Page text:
Rare, indeed is the $20,000 car that incites as much controversy as the 2011 Volkswagen Jetta. It is just another indication of the depth and duration of feeling evoked by the VW brand — especially when you consider that it stems from some clever advertising from 40 years ago, and a car model, the Beetle, which had a 68-year production run.
VW better hope it can channel that emotion and use it to positive use as it attempts the all-but-impossible feat of quadrupling its U.S. sales by 2018.
The betting here is that the Jetta will give the automaker a decent head-start toward meeting that goal but won’t do much to win more adherents to the VW brand.
First, some background: In its drive to pass Toyota and become the world’s largest automaker by 2018, VW has penciled in a contribution of 800,000 sales for the VW brand in the U.S.
That’s going to be a stretch, considering that through November, VW had sold just 232,963 vehicles in the U.S. It didn’t help that hard-driving U.S. boss Stefan Jacoby decamped to China to run Volvo for its new owners.
Jacoby was replaced by a seasoned GM and Ford executive named Jonathan Browning, who makes up in polish what he lacks in push.
Browning addressed the Jetta controversy at a meeting of the International Motor Press Association in New York last week.
“Sometimes I think we are penalized for making changes simply because people like how things had been done in the past,” Browning said. “I would simply urge you to compare us against what our customers are looking for and what our competitors do, rather than against a narrower, car enthusiast’s ideal.”
What those car enthusiasts are complaining about is the Americanization — read “cheapening” — of the Jetta.
In seeking to post bigger sales numbers, VW brought the all-new 2011 Jetta to market at a base of $15,995 — $1,740 less than the 2011 model — allowing it to compete with the Honda Civic, Toyota Corolla, and Chevy Cruze.
To do so, VW made some changes to save money — and the enthusiasts erupted.
Wrote Dan Neil in the Wall Street Journal: “Our Jetta SEL with Sport package was saddled with some of the cruelest, cheapest plastic dash and door materials I’ve seen in years. What an awful way for petrochemicals to die! The innards of this thing make a Chevy Cruze look like a Maybach.”
The Detroit News weighed in with another pan. “All of that ultra cool V-Dub mojo has been replaced with a washing machine,” said Scott Burgess. “Germans, whose culture is known for its appreciation of excellent engineering and pounded pork chops, wouldn’t give two schnitzels for this particular sedan.”
Tough talk. But it overlooks two salient facts.
VW’s ability to hit its U.S. sales targets depends as much on the quality and reliability of its products and the competence of its dealers as it does customers’ perceptions of its vehicles.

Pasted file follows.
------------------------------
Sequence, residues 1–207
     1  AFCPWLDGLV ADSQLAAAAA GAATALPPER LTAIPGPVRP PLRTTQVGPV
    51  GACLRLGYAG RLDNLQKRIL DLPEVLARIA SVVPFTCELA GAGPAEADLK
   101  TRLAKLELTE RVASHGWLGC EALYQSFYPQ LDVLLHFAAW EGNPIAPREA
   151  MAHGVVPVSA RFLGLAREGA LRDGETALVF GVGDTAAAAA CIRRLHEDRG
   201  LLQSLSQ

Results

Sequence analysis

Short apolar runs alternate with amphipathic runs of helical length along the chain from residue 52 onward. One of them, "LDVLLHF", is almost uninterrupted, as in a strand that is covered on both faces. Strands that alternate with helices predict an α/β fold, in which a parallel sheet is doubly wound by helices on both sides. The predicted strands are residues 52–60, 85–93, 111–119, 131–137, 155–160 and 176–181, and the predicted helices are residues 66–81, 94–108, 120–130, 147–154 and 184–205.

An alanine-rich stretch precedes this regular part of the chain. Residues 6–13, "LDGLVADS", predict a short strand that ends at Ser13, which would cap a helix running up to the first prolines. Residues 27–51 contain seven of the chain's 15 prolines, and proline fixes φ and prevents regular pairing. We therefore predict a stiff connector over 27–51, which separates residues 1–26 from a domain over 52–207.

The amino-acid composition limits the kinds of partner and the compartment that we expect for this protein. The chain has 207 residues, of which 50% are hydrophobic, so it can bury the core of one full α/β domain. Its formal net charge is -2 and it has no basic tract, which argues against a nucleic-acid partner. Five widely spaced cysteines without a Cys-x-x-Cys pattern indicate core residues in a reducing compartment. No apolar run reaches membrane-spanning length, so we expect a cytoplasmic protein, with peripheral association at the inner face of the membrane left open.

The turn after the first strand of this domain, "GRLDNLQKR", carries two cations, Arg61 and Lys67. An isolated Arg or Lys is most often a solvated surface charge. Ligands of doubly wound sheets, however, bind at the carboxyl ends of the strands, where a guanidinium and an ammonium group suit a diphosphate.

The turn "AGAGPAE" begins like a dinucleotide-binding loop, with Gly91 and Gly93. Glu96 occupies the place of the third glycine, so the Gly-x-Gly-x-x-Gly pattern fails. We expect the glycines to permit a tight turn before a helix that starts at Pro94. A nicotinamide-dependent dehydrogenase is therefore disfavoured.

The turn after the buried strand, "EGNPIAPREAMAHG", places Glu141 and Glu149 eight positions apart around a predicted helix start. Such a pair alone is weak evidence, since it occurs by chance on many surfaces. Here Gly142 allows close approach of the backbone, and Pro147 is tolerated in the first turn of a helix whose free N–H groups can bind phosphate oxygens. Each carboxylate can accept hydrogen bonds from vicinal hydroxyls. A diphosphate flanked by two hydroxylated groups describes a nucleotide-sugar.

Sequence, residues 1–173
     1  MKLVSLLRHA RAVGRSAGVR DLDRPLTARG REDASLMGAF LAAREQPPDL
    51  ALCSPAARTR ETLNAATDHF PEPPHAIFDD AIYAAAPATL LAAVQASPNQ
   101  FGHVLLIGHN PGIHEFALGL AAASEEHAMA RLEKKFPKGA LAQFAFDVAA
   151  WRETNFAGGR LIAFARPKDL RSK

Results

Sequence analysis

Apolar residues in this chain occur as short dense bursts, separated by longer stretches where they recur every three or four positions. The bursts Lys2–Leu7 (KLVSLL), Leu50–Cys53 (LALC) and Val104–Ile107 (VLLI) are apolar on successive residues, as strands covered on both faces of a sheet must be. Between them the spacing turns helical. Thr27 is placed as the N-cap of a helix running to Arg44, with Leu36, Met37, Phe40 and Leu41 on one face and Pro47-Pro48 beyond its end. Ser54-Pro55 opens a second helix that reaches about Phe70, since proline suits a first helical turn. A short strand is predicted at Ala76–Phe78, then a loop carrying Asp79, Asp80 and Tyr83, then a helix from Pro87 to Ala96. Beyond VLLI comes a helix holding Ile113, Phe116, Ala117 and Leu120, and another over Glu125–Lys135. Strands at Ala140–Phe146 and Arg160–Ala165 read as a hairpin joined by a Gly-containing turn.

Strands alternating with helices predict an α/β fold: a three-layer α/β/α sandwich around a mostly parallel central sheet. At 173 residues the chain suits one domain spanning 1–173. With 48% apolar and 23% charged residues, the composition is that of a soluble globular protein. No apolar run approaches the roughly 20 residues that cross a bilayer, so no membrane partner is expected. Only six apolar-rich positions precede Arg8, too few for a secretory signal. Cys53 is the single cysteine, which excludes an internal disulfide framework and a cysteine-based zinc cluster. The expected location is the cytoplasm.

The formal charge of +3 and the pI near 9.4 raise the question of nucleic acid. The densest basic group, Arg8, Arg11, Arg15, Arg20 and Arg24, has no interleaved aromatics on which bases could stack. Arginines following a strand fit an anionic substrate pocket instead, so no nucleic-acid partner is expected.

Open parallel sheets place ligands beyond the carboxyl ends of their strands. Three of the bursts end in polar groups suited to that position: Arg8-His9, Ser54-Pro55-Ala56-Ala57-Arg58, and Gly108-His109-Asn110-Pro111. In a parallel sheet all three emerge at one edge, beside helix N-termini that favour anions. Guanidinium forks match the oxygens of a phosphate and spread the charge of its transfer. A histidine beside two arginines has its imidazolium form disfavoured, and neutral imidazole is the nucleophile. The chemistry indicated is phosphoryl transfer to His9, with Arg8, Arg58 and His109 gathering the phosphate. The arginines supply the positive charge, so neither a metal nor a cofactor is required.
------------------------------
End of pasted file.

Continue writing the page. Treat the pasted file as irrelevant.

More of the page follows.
And on both those points, VW has been failing for years. On product quality, it has repeatedly been one of the worst performers, and currently ranks third from the bottom in J.D. Power’s 2010 Initial Quality Survey.
In Power’s less well-known Sales Satisfaction Study, which measures customer reaction to the salesperson, the dealership, and the deal, VW ranks as one of the worst as well.
In his IMPA speech, Browning promised to address both those areas with faster analysis of customer complaints and tougher standards for dealers.
As for the products themselves, Browning vowed to deliver both on the science of the auto business — quality and value — as well as the art — style and performance.
On the quality and value side of the equation, Jetta gets an incomplete until Power’s 2011 IQS study is published.
On style and performance, the car is only average. The shape of the body and the contours of the sheet metal are generic. Opportunities to show some flair in the treatment of the headlamps, where manufacturers like Nissan are experimenting with new shapes and lighting, were ignored, and the rear facia is unrecognizable as a VW.
The Jetta’s interior does deserve better press. The instrument panel is neat, well-arranged, and pleasing to the eye. It avoids the chrome-colored plastic with which designers at General Motors and Ford have become so enamored. And if the plastic on the dashboard isn’t as soft to the touch as it used to be, well, how often do you touch the dashboard?
Under way, the new Jetta drives like the old Jetta. Changes to the suspension and the brakes haven’t impacted the ride and handling, which remains best in class.
Performance is on the mild side. The engine is a carryover 2.5 liter that produces 170 horsepower. Acceleration to 60 miles per hour has been measured at 8.5 seconds. Fuel economy is a respectable 24 miles per gallon city/31 mpg highway.
VW did get the price right. My Reflex Silver Metallic test car with sunroof stickered at $24,165.
Volkswagen’s new slogan is “Great. For the price of good.” It understands the importance of affordability in the compact segment. But price is not the same as value, and until VW learns that lesson, its ability to hit its 2018 sales targets will be in question.